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Goat kid with poopy bum

Discussion in 'Diseases & Injuries - Goats' started by AlleysChicks, Jun 3, 2018.

  1. Jun 3, 2018
    AlleysChicks

    AlleysChicks Overrun with beasties

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    I have a white goat kid that I’ve had for exactly 1 week. She’s eating and drinking fine, and she’s skittish. This morning I noticed she had a poopy bum. It’s on her tail but no where else. I cannot find any trace of wet poo in the pen or hut. She was dewormed prior to me getting her.

    Could it be change of feed after a week? I have 2 of her half sisters that I got a month ago from the same lady.
     
  2. Jun 3, 2018
    Southern by choice

    Southern by choice Herd Master

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    Keep an eye on it.
    Hold old is the goat?
     
  3. Jun 3, 2018
    AlleysChicks

    AlleysChicks Overrun with beasties

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    8 or 9 weeks. It was just weaned.
     
  4. Jun 5, 2018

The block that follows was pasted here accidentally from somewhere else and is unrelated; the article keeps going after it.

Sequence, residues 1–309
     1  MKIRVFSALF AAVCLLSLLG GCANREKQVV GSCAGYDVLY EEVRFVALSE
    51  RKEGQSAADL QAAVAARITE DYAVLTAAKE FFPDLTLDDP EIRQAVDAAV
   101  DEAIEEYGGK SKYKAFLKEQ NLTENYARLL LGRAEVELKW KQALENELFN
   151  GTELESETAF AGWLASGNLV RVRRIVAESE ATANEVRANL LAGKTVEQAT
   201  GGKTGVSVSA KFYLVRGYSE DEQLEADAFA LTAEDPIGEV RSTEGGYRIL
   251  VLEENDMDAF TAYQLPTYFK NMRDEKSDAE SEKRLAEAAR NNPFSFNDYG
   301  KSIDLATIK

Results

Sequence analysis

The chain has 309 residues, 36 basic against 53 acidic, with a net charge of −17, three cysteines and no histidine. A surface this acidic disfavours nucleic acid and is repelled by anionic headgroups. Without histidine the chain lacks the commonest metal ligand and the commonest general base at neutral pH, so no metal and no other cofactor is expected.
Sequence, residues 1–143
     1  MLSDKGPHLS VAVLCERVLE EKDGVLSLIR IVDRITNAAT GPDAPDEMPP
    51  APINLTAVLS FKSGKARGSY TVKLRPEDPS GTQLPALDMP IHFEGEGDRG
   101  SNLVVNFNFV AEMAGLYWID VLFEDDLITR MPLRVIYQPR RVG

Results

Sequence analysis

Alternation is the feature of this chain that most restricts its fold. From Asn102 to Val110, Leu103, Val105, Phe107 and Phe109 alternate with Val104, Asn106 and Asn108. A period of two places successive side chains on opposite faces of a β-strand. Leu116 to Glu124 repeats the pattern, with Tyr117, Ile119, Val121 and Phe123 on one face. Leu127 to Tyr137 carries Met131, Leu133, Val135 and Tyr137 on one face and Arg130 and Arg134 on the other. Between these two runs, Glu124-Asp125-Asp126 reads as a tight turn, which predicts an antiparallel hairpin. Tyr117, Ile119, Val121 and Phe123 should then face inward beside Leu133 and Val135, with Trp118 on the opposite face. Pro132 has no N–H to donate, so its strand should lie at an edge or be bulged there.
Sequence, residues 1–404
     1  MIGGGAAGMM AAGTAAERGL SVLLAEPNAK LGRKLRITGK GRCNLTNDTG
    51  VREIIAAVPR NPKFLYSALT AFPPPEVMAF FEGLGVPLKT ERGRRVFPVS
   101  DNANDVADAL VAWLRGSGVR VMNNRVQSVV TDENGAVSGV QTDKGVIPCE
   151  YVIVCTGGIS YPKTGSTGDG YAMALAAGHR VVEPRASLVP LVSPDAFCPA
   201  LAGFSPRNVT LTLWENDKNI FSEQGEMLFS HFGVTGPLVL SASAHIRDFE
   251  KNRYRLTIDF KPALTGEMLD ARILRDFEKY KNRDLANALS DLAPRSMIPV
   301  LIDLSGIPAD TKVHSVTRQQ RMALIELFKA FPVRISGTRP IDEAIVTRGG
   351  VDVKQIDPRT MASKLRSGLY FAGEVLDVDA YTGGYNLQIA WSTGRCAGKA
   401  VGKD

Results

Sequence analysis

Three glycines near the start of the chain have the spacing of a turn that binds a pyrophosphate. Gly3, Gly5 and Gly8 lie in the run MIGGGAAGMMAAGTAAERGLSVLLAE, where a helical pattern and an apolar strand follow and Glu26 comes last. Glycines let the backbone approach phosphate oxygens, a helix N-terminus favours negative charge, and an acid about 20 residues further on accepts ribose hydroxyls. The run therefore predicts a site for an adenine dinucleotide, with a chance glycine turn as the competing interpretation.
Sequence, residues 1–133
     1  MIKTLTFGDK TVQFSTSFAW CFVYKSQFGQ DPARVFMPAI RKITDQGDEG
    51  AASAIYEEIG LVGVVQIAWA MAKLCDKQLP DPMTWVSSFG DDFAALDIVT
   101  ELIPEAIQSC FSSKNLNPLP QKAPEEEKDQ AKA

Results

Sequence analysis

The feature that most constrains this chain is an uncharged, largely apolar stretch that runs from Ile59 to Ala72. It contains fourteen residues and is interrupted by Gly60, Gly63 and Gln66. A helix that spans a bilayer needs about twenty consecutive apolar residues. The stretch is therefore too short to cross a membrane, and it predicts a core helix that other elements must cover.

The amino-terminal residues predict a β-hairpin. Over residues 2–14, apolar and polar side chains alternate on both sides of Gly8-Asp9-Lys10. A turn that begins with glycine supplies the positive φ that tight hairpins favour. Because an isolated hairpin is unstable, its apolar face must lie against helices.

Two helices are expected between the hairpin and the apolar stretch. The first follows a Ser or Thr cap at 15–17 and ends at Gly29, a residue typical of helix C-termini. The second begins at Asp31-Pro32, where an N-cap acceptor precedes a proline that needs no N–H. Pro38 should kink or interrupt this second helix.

AlleysChicks

    AlleysChicks Overrun with beasties

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    Noticed this morning that there is a bit of poo down her legs. Not a lot. Still not finding her poo in the pen.
     
  5. Jun 5, 2018
    Southern by choice

    Southern by choice Herd Master

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    Have your vet check for coccidia. Take a fecal in. Even if you have just a little. If you can't get any then take her to the vet so they can get some from her.

    Coccidia is the most likely culprit in a young kid.
    Best to rule that out, if no cocci then it has to be more of a dietary thing but coccidia kills.
     
  6. Jun 5, 2018
    AlleysChicks

    AlleysChicks Overrun with beasties

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    How do you treat cocci in goats? Is there something I can get from a farm store? I do not have a large animal vet close by and the small animal vets will not treat large animals.